• The value of this house, whatever it is, and maybe its biggest problem, has to be the size. I have seen worse renovations. My biggest problem with this house is its proximity to its neighbors. It is rare these days that anyone would want a house this big. And if they are looking for this size of house, they would probably want a bigger yard and more privacy. So the population of potential buyers is quite small. If I had been renovating this house, I would have also put a lot more time (thinking) and money into the kitchen. I would also have changed out some of the mantels which are all painted the same fire engine red. Painting the exterior brick was a mistake because this now makes the exterior brick a maintence issue. This house is obviously only worth what someone is willing to pay for it. Since there are not that many people in the market for a house of this size, I think the selling price is going to be adversely effected by the size. It is “functionally obsolecent” as the appraisers would say.

    • Mark – you should drive around the older neighborhoods of bethesda or arlington if you don’t think people want houses this size or care about privacy / lot setbacks. the thing to do in the expensive suburbs today is to build literally as many possible square feet as is legally permissible on the lot regardless of aesthetics or good sense. i’m serious – the infill mcmansions in expensive older suburbs are RIDICULOUS in this way.

  • It’s kind of bizarre looking indeed but it seems like it’s not a bad deal, perhaps just a bit niche.

  • On a columnar-foot-per-dollar basis, this is a great deal. there are even columns on the garage!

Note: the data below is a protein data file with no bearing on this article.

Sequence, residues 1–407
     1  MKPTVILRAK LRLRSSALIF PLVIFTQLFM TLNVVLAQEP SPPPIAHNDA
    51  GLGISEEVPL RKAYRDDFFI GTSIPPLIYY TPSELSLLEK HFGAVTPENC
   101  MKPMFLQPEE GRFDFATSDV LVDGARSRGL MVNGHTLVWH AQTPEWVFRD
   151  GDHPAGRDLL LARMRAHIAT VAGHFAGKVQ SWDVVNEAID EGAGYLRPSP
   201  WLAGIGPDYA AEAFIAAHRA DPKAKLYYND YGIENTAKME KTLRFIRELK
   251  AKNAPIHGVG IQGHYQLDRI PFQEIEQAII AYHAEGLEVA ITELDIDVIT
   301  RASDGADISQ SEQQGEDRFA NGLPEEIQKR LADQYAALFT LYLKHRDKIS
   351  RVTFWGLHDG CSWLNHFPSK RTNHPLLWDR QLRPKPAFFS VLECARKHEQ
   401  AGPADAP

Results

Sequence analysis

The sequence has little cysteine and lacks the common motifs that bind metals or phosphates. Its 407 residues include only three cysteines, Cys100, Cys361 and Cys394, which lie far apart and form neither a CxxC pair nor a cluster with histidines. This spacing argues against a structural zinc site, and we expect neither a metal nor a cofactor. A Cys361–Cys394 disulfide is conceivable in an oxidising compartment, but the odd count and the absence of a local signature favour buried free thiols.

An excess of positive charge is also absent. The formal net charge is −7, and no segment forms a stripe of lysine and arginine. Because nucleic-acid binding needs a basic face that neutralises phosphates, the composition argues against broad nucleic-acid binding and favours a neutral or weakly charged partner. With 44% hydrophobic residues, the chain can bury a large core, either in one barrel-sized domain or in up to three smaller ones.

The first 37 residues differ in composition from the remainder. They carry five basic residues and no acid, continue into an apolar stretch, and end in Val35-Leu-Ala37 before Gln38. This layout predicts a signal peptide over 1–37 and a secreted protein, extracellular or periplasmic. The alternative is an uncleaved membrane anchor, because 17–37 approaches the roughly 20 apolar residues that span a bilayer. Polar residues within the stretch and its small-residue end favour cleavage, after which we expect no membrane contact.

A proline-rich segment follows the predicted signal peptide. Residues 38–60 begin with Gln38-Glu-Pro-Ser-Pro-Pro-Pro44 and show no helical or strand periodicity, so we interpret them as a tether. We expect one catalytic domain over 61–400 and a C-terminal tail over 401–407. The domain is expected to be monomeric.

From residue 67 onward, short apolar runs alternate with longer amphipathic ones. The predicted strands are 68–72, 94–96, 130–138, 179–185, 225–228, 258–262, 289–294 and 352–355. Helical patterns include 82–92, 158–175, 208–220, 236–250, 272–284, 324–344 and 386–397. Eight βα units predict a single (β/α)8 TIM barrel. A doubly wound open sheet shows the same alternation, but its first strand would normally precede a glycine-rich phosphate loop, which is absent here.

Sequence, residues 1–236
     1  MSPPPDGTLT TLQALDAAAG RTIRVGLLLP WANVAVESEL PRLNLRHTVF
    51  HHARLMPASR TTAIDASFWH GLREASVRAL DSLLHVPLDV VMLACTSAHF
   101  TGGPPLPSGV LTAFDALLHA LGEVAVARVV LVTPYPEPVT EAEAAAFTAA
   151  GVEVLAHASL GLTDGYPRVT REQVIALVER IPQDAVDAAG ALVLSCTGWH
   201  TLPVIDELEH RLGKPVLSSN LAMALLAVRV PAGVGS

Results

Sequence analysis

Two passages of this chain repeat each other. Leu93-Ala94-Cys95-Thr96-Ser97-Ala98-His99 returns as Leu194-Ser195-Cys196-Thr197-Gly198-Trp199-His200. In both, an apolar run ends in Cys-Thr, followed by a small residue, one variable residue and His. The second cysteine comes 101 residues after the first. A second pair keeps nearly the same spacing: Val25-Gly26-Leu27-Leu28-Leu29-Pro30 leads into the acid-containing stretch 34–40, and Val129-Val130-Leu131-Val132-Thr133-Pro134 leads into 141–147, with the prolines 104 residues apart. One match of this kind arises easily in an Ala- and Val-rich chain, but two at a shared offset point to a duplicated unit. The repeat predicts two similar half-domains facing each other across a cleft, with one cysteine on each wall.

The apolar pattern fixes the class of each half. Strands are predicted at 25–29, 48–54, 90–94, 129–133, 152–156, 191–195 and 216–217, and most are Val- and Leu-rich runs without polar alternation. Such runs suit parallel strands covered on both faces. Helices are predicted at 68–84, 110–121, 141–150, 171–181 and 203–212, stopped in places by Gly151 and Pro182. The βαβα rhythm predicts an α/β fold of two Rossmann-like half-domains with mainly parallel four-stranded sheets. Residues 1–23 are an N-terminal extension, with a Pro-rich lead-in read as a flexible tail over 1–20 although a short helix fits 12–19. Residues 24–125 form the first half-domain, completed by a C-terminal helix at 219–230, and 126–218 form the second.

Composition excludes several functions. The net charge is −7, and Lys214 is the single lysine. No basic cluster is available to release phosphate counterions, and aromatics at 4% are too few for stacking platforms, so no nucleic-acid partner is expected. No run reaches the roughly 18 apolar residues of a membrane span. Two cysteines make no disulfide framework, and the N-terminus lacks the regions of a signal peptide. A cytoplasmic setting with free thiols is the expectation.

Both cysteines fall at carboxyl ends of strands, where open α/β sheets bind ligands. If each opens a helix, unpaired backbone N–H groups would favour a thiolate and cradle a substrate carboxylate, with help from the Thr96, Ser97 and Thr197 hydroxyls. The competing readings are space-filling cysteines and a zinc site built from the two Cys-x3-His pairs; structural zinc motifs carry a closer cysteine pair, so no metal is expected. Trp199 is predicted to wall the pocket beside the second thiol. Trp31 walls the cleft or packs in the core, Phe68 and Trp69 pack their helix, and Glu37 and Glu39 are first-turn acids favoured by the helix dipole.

And, I think its cool that it comes with an underground missile silo under the front lawn.

  • It’s like they plunked “Tara” into DC.

  • This is what I call Long Island Revival. Looks like the kind of mega mansions that are built even today in outer parts of Brooklyn and Queens. Who knew they had things like this in tasteful DC?

  • It sold 2 years ago for 650,000. It will sell in the 600’s (between 600 and 699). They are asking way too much.

  • Tara- as someone who lives a block or so away, where three and four bedroom houses sell in the 600s- I hope your prediction is wrong.

    This house looks pretty hideous, but the location and size are fantastic.

  • Tacky, tacky, tacky! A huge house in which all the side windows look a the neighbors’ houses which are like 2 feet away. There are reasons this house has been on the market for 200 days, and price is probably not one of those reasons.

  • Can someone perhaps enlighten me on who the target market for a 10BR/8Bath house is?

    • Fenty frat brothers who just scored lucrative government contracts, recent lottery winners, anyone with no taste and a pile of cash.

  • My wife and I saw it in a open house just for the heck of it. The house was crazy big, rooms everywhere. I don’t know what you’d do with all those rooms. It is probably an ok price but the place would be a pain to finish. The basement was a maze of odd finished rooms.